Troubleshooting Deployments

Understand deployment failures and unresponsive applications

Your app doesn't respond to the public URL or your service is in an abnormal state and you're wondering why? You will find below a few common errors and failures which might happen.

When you investigate failures, you should pay attention to the state of the instances composing your service. When you deploy a service, Koyeb will start one or more instances depending on your configuration. All these instances will be health-checked before routing production traffic to them.

Unhealthy instance

Instances are detected as unhealthy when health checks fail.

More precisely, every time an instance is booted to support your service, all the network ports you decided to open will be health-checked every 10 secs. If any of these ports do not respond after the boot of the instance, the instance will be declared as unhealthy.

Unresponsive network ports usually come from one of these reasons:

  1. Network port configuration issue: the network port you selected is not the one your service is listening on
  2. Binding on localhost instead of 0.0.0.0: if your application is bound to localhost or 127.0.0.1, nobody outside your container can reach your application. Ensure your application is bound to 0.0.0.0 to make it reachable
  3. Service configuration issue: your service is not starting due to an application-specific issue like a missing environment variable or a connection issue to another service
  4. Service failure: your service might fail at startup or when it's processing requests due to a lack of memory or temporary storage

If you don't understand why an instance is unhealthy, check the logs of the instance.

Logs

Runtime logs allow you to troubleshoot deployments and follow logs written by your Services on standard streams (stdout/stderr) in real-time.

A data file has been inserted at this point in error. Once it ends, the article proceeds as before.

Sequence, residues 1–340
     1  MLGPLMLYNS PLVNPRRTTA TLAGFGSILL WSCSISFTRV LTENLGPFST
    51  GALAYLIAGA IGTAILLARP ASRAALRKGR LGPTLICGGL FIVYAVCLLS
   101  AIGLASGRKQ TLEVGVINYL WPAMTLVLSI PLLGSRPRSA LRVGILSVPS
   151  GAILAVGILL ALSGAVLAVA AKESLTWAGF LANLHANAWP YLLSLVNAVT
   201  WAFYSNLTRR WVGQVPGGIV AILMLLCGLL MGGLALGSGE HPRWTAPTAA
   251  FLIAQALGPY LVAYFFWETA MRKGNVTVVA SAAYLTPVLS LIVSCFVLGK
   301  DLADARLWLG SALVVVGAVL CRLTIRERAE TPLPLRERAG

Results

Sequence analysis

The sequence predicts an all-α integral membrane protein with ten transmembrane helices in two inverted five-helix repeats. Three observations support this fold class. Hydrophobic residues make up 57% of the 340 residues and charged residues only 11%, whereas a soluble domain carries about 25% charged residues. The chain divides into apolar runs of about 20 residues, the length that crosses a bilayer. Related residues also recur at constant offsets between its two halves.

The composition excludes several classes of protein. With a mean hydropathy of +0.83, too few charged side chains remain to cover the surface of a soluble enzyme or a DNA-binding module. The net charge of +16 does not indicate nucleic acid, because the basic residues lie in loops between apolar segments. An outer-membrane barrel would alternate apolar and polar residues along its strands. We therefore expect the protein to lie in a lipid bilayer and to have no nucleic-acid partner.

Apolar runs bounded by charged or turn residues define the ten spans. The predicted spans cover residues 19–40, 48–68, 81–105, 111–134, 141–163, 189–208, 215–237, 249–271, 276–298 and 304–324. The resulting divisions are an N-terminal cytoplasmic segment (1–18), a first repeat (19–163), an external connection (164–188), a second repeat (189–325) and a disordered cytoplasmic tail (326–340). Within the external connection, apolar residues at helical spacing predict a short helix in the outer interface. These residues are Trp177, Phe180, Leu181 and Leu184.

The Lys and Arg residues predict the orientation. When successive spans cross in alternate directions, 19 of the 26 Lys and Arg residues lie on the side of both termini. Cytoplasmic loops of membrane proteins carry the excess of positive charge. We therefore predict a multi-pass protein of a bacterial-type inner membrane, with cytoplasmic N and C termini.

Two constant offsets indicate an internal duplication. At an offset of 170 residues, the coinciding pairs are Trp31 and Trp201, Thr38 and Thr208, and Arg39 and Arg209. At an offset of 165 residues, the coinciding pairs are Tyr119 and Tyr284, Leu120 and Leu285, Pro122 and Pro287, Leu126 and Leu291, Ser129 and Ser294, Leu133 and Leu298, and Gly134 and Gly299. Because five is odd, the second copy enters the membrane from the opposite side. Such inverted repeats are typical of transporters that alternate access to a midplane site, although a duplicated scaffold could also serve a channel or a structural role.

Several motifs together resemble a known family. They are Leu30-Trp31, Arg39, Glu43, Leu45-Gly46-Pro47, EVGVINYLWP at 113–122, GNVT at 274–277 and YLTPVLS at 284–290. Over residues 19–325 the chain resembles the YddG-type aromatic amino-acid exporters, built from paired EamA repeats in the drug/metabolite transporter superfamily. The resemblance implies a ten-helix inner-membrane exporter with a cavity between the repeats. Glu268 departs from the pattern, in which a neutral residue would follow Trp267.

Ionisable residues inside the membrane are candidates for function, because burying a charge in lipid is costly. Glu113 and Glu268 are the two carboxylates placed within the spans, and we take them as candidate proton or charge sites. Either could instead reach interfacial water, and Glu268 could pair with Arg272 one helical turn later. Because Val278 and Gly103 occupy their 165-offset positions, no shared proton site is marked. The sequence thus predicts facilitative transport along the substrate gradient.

By default, the logs of all the instances composing the service are displayed in a single log stream. For each log entry, we display the:

  • instance_id: The instance on which the entry was written
  • stream: The standard stream (stdout/stderr) which was used to write the log
  • message: The message

For instance, if "Hey there, I'm a service running on Koyeb" was printed on stdout of your instance-131869ab, you would get a line looking like this:

instance-131869ab stdout Hey there, I'm a service running on Koyeb

The default runtime logs view shows logs for both currently running instances and past, destroyed, instances. You can filter logs per instance.

Each time you apply a filter, we will display the last 1000 log lines available. Runtime logs are kept 30 days.

Slow service

Slow service response time is usually related to a lack of resource or a contention for external resources like a database.

Instances shell access

For advanced troubleshooting, you can execute commands directly on the instances supporting your service.

For image-based deployments, the user is the user defined in your image specification. In Dockerfiles, it is specified with the USER instruction. If no user is defined, root is chosen.

For git-driven deployments, the user is the user assigned by the buildpack. In most cases, it will be koyeb.

$ koyeb instances list ID SERVICE STATUS DEPLOYMENT ID DATACENTER CREATED AT 1bbb7ac7 my-demo-app/main HEALTHY a6615e32 par1 16 Dec 21 10:49 UTC $ koyeb instances exec 1bbb7ac7 -- netstat -tulpn Active Internet connections (only servers) Proto Recv-Q Send-Q Local Address Foreign Address State PID/Program name tcp 0 0 0.0.0.0:3000 0.0.0.0:* LISTEN 27/node

You may also run short-lived debugging sessions and get access to a shell on the running instance.

$ koyeb instances list ID SERVICE STATUS DEPLOYMENT ID DATACENTER CREATED AT 1bbb7ac7 my-demo-app/main HEALTHY a6615e32 par1 16 Dec 21 10:49 UTC $ koyeb instances exec 1bbb7ac7 /bin/sh /app $ ls next.config.js node_modules package.json public